Now that urban greening is increasingly seen as a climate adaptation strategy, the question is how to best provide the necessary green space. Where, at which scale, and what type of greenery? Which design is preferred? And how can municipalities increase public support for green adaptation measures?
Heat waves today, flooding tomorrow
In two typical residential neighborhoods (see boxed text for a description), the one “greener” than the other, we interviewed 200 residents about their experiences with urban heat and local flooding. The underlying study can be found here.
We found that residents are more aware of present-day heat waves, but more alarmed by future flooding. The prospect of increasingly frequent and extreme rain events that cause traffic jams, block streets, and flood basements is apparently considered a greater risk than a rise in heat waves that pose serious health risks to vulnerable groups such as children and the elderly, even though, at present, Rotterdam residents indicate that they suffer more from heat than flooding. Shuaib Lwasa found a similar difference in risk perception between heat and flooding in Kampala. This apparent contradiction may be explained by the difference between individual and societal problems, and the related ability of controlling these: whereas heat can largely be dealt with on an individual level (e.g. regulate indoor temperature), the consequences of flooding are much more difficult to regulate by oneself and therefore set off more alarm bells.
One thing that heat and flooding have in common is that both are typically observed at stony, impervious locations: streets, parking lots, city centers. The city’s sealed and built-up surfaces are clearly most prone to climate impacts. Talking to residents, it becomes clear that the impacts are not limited to those spaces that are under public control (streets, sewage system) but are also felt at the smallest urban scale level: people’s homes. During the interviews, residents told how their basements would flood during heavy rains, leading to financial damage. In several streets, slight differences make houses on one side of the road vulnerable while houses on the other side are not. The measures that people take to protect their homes mostly serve to block the water from seeping in through roofs and walls, or to redirect the water before it reaches the house by constructing, for example, a drainage pipe 30cm below street level in front of the house. Up to now, few residents have implemented green measures, such as a green roof or rain garden, to increase local infiltration capacity.
Green space for recreation and clean air
People are aware of urban heat and flooding and consider these serious future challenges, but do not always realize how greenery may support climate adaptation. We asked residents to name the two most and two least important benefits related to six different green space types (see figure). Green space benefits with a more direct effect on people’s health and well-being, such as recreation and air purification, are better understood than less direct benefits, such as temperature regulation. Traffic noise reduction was considered the least important benefit of each green space type.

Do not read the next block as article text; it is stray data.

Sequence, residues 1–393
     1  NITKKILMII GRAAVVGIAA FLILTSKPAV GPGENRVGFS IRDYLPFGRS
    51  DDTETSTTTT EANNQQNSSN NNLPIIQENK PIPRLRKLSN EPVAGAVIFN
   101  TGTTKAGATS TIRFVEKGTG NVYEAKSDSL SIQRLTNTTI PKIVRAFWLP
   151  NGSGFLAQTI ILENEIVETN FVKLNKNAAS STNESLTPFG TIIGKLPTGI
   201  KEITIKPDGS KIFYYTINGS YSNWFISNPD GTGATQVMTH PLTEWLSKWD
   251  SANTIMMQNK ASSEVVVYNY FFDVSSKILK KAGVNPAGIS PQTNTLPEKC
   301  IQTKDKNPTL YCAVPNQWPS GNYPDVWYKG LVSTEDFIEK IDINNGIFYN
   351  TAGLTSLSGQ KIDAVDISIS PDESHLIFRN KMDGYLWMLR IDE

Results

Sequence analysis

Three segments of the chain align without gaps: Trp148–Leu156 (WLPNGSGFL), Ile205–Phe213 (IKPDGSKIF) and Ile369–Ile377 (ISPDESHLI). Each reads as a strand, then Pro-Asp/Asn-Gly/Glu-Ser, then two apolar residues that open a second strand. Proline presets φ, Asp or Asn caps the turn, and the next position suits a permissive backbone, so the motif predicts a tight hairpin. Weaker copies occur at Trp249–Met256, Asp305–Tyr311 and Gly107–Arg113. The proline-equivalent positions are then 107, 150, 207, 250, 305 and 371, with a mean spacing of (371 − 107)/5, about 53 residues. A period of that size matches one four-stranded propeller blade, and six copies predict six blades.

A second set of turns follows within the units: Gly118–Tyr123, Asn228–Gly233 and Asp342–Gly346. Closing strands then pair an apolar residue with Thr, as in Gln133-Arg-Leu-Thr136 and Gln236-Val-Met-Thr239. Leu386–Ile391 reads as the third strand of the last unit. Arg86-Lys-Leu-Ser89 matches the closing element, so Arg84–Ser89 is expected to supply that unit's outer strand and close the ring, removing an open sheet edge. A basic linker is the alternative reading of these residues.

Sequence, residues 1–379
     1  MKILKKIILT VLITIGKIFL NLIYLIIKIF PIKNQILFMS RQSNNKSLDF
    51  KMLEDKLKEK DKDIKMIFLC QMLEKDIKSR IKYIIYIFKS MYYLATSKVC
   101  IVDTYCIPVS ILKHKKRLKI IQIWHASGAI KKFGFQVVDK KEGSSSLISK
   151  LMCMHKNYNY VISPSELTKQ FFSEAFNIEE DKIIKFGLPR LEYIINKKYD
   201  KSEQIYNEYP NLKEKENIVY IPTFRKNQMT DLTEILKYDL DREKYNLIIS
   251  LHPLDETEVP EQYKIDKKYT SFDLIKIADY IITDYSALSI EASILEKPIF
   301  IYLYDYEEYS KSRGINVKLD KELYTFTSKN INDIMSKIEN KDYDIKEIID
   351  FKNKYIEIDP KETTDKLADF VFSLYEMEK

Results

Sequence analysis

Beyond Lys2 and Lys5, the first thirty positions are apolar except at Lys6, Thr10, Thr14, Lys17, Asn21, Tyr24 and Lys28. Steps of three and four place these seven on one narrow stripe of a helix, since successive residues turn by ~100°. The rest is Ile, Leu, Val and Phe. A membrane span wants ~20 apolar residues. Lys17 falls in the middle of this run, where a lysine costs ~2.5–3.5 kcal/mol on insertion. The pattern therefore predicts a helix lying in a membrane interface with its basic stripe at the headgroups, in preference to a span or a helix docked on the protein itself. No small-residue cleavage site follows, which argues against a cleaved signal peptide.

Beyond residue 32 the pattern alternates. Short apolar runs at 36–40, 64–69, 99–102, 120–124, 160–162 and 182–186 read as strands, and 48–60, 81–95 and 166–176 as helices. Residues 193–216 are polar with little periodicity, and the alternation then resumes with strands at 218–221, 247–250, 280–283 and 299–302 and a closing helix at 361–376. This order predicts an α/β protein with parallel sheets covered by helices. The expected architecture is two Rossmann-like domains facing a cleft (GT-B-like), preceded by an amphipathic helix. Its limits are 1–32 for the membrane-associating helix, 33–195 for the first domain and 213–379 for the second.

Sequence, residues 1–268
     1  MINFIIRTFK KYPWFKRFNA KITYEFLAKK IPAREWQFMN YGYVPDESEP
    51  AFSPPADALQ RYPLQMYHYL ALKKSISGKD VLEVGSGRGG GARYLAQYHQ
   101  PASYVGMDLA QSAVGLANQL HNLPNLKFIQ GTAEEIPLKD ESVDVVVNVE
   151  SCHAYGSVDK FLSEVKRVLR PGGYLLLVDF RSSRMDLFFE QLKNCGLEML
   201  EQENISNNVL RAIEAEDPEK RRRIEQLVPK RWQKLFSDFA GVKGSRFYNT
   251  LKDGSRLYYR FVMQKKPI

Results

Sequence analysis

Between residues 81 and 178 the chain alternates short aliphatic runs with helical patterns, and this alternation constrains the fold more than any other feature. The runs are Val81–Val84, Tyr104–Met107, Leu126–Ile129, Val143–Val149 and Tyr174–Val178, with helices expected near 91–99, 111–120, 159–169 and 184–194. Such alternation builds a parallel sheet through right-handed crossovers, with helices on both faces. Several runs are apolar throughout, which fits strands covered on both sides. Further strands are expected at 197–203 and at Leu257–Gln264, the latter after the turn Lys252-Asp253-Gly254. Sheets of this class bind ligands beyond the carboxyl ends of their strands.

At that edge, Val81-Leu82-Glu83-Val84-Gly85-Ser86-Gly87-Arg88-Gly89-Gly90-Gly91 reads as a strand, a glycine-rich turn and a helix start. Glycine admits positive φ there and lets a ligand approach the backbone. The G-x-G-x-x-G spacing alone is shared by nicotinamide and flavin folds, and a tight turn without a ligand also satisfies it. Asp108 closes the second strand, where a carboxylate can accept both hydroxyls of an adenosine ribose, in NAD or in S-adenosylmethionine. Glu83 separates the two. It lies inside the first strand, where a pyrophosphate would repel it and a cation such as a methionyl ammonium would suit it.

We also enquired about residents’ preferences for different green space types. Overall, people prefer large-scale greenery such as city parks, especially those with a woody character. Parks with large water bodies are also favored, followed at some distance by street trees and then by gardens. Green roofs and grass strips are not very popular, although green roofs grew in popularity for people living in areas with a larger share of vegetation cover. This does not happen for grass; even in areas with limited grass cover, people preferred trees or green roofs. The reason why people do not seem to like grass is because it is easily littered and attracts dogs.
In collaboration with Rotterdam municipality, we compiled a set of green climate adaptation measures from which residents could select their preferred options. For each scale level (home, street, neighborhood square, main road, city park) residents had three alternatives to choose from, e.g., for “home”, residents could choose between a green roof, green wall, and front garden. For “main road”, participants could choose between trees, a canal, and a grass strip (see image). Half of the 200 interviewed residents were shown symbols that conveyed information about climate regulation benefits: thermometers indicating cooling capacity and water drops indicating flood protection capacity. This way, we could assess whether residents’ preferences for adaptation measures are influenced by additional information about their effectiveness.